Navy Adm. Michael G. Mullen, commander of Naval Forces in Europe.

Navy Adm. Michael G. Mullen, commander of Naval Forces in Europe. (Stars and Stripes)

Naval Forces in Europe will be “looking to the south and east” in the coming year, expanding transformation and continuing to fight the global war on terrorism, according to Adm. Mike Mullen, the Naples, Italy-based force commander.

Mullen recently released his 2005 priorities in a 10-page letter to European-based naval forces. Mullen cites U.S. European Command’s policy of “looking to the south and east,” namely African and Eastern European nations, early in the guidance, saying that naval forces will play a key role in EUCOM’s efforts to work with these nations.

Earlier this year, the La Maddalena, Sardinia-based submarine tender USS Emory S. Land deployed to western Africa’s Gulf of Guinea. The trip was designed, according to a Navy news release, to improve cooperation, and consequently security, between the U.S. and countries of that area.

In his letter, Mullen lists working with the navies of “emerging partners,” as he puts them, to maintain U.S. Navy supremacy by helping them to effectively use their smaller number of naval forces.

“Unlike the land, the sea is largely ungoverned,” he wrote. “No walls are constructed — no sentry posts stand — to prevent the movement of our adversaries or their weapons and material (by sea). We, along with the naval forces of our allies and partners, must be those sentries.”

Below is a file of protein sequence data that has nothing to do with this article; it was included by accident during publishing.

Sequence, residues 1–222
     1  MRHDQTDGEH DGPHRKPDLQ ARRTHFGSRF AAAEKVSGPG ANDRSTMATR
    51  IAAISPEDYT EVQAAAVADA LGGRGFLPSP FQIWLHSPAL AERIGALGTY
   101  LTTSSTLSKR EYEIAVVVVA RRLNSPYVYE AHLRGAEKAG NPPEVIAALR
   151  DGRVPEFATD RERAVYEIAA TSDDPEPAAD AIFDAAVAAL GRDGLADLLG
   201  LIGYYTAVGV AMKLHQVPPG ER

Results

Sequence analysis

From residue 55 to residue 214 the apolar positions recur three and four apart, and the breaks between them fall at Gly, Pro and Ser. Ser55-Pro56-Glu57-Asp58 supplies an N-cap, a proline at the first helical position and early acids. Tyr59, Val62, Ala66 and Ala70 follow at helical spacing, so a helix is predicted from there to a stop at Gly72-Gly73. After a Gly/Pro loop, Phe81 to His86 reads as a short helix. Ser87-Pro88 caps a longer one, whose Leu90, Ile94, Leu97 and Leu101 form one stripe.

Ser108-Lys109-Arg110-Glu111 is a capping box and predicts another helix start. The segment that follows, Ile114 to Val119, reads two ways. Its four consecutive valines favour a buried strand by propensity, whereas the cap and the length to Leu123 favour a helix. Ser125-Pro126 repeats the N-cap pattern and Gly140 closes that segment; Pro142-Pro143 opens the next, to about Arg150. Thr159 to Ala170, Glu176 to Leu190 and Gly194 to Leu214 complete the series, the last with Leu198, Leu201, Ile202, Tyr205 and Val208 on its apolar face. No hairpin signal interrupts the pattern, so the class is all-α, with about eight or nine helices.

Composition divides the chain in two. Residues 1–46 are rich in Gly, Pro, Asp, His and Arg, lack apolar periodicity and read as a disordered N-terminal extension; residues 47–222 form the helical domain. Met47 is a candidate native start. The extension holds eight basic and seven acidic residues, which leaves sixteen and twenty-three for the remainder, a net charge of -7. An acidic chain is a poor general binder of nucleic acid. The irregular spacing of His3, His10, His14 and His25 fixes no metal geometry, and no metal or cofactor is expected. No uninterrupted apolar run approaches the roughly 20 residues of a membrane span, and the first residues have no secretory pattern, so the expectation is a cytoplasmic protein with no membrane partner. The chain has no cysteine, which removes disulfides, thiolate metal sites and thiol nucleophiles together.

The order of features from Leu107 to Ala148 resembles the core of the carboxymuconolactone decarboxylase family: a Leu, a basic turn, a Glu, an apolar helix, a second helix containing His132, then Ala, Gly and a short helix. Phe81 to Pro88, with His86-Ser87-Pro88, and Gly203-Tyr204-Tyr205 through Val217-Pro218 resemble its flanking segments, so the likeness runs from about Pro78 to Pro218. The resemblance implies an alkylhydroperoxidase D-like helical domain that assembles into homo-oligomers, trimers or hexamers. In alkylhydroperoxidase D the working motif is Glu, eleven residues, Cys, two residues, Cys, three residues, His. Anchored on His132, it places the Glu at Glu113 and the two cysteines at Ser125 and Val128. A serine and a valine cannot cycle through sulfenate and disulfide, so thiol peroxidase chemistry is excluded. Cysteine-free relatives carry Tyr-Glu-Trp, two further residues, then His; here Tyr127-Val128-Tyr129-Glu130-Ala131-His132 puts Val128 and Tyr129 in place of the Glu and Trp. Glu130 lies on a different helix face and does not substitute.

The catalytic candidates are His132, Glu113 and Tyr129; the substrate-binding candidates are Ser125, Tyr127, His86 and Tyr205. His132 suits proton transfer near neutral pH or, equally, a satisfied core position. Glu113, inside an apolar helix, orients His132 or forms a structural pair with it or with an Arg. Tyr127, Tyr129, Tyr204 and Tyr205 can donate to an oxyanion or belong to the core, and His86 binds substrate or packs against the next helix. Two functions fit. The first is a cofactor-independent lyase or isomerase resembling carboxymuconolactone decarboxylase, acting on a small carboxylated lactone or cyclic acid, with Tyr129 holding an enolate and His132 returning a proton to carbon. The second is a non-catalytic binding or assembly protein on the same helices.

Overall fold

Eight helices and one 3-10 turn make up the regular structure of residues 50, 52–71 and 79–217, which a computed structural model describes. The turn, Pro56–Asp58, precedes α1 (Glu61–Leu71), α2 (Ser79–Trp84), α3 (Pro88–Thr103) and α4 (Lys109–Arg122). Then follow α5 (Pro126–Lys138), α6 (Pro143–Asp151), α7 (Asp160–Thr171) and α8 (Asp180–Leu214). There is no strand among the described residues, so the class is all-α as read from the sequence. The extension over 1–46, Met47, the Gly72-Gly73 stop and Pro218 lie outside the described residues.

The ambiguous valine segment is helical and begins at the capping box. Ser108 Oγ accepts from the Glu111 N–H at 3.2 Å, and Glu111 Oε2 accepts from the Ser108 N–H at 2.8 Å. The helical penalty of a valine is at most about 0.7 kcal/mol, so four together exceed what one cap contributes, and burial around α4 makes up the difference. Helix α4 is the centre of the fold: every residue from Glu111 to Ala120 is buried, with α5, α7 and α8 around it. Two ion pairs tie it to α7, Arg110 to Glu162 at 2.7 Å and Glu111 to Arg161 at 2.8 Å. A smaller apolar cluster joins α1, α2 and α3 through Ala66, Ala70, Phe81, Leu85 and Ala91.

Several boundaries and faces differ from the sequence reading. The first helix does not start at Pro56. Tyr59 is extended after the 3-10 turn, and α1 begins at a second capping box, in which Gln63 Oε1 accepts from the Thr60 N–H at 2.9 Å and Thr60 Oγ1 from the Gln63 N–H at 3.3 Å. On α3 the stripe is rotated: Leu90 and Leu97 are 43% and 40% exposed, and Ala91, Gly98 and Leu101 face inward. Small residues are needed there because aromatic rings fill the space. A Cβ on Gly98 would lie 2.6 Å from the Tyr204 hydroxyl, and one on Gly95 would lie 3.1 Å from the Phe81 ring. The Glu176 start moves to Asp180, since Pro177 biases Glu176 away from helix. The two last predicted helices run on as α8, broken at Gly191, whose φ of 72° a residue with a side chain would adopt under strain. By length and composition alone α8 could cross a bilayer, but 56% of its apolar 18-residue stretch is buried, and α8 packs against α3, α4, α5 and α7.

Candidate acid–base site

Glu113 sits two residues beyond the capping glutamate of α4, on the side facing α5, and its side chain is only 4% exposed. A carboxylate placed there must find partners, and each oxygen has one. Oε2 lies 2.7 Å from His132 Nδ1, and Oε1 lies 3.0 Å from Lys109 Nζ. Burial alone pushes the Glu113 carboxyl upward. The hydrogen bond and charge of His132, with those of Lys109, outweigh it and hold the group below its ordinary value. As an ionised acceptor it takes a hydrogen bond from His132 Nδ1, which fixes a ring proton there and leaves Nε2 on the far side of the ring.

Mullen also cites plans for more active U.S. participation in NATO operations and the new NATO Response Force as two areas that will expand worldwide security.

These partners include a Russian Navy that “operates, trains and communicates constructively with the United States and NATO naval forces,” he wrote.

Russia recently sent ships to participate in Operation Active Endeavor, NATO’s at-sea anti-terror mission. Active Endeavor includes NATO forces participating in maritime intercept operations, in which naval forces board vessels suspected of supporting terrorism.

Although he wrote this guidance to cover the entire year, Mullen himself will most likely not be there to see it through. He was recently nominated to replace Adm. Vern Clark as Chief of Naval Operations in Washington D.C.

His replacement has not yet been named.

The entire letter is available here.

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